I guess what I'm getting at is the yes the US has been involved in massacring Indigenous people and yes some of these actions can be considered genocide. While sand creek was not supported by the government, it is still a genocide given the US mentality of manifest destiny. The incident is most definitely a governmental genocide given that Puritan religous leaders served as government leaders and initiated the massacre. Some might say though that we as a country had no formal government, however, these early governments set the stage for our later government objectives.
I do not "speak" on-line as a rule, but your post gave me pause. Feel free to share it with the list, if you want, but delete my name please.
About genocide. Since there are people, a large enough body to constitute a voice, who claim there was no Jewish holocaust, no genocide, just POWs, etc., I'm not sure borrowing the moral force that "genocide" and "holocaust" carry ala the WWII Jews works anymore, but I think that's the intention when those terms are applied to American Indians.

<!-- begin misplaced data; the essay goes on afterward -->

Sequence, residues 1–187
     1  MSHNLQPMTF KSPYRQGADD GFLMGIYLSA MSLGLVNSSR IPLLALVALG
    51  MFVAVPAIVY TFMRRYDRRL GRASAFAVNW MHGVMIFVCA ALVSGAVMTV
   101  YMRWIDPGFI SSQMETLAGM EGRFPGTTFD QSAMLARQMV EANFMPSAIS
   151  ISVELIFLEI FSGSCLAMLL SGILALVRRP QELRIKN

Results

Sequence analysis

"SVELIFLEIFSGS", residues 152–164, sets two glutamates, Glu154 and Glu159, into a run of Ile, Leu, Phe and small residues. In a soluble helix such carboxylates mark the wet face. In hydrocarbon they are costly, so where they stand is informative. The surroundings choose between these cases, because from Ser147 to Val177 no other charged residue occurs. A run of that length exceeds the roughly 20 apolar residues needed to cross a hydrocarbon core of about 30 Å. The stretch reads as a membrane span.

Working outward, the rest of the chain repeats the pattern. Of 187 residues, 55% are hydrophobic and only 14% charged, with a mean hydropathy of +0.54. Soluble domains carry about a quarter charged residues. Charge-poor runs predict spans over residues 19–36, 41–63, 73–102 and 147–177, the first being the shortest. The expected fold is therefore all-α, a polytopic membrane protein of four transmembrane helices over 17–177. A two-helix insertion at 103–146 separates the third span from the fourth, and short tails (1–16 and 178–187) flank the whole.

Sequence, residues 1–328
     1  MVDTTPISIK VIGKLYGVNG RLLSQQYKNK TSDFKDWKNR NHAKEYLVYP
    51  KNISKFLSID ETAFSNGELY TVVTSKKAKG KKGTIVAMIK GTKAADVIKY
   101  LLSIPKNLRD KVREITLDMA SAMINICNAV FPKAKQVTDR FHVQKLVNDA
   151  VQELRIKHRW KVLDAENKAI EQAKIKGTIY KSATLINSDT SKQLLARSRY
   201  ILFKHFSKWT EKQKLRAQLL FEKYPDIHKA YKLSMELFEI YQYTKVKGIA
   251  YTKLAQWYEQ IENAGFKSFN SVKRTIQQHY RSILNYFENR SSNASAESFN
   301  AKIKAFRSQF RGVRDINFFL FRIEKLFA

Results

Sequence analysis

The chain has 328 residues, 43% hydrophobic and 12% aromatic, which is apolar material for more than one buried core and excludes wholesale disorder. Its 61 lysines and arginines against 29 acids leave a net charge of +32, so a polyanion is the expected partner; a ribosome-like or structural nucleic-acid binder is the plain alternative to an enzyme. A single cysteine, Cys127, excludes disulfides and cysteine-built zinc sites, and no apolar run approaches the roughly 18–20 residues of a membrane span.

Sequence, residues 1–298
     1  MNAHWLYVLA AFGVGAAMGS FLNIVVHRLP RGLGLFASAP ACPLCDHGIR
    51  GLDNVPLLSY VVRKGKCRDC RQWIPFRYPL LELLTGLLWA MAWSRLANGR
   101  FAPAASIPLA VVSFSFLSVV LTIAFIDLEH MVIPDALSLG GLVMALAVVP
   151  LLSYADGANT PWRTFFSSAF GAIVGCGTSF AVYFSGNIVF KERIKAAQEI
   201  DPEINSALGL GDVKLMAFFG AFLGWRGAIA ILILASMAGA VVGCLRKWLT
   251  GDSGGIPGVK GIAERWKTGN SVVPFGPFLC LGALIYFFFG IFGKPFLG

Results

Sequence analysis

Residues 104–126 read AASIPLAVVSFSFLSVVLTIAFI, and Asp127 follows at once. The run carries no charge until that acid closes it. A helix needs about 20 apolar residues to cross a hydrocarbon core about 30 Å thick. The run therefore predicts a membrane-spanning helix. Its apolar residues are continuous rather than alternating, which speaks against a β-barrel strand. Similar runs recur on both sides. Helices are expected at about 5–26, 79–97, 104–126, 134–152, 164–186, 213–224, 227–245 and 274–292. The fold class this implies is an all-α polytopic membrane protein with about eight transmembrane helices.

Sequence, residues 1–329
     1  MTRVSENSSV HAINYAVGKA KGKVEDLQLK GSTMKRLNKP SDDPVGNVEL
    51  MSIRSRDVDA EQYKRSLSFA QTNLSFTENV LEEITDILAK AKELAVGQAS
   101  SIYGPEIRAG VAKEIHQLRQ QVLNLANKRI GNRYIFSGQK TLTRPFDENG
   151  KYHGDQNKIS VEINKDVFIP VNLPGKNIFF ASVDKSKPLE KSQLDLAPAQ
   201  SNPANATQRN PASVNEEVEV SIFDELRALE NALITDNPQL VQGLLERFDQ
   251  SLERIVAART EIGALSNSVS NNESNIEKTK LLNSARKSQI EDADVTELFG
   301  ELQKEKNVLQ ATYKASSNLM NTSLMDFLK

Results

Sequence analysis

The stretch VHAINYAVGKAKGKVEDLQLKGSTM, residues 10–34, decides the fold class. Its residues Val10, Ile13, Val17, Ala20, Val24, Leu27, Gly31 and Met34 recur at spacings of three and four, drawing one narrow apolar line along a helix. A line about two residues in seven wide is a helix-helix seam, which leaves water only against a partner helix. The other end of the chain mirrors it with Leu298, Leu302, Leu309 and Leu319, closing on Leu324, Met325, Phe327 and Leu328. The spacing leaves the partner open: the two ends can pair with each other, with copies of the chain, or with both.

Most historians of American Indian life hold that disease leveled the population more than actual killing with weapons. While I believe that is true, "germ warfare" in for form of small pox blankets was also used.
From William Trent's description of the "gift" to the Delaware, 1763:Out of our regard to them [the Delawares] we gave them two Blankets and Handkerchief out of the Small Pox Hospital. I hope it will have the desired effect.Certainly, Trent speaks of the "effect" in a way that one can see as genocidal--a strategy intended to wipe out a people. On the other hand, U.S. policy has always been mixed. The army did set out to exterminate Indians in many specific occasions--Sand Creek and St. Marias Massacres are two examples. But after the St. Marias Massacre (Montana Blackfeet, 1870) the legislature passed a law that former army officers could not hold positions in the Indian Affairs Office. They were thinking particularly of Civil War officers who came out of that war effort brutalized and brutalizing.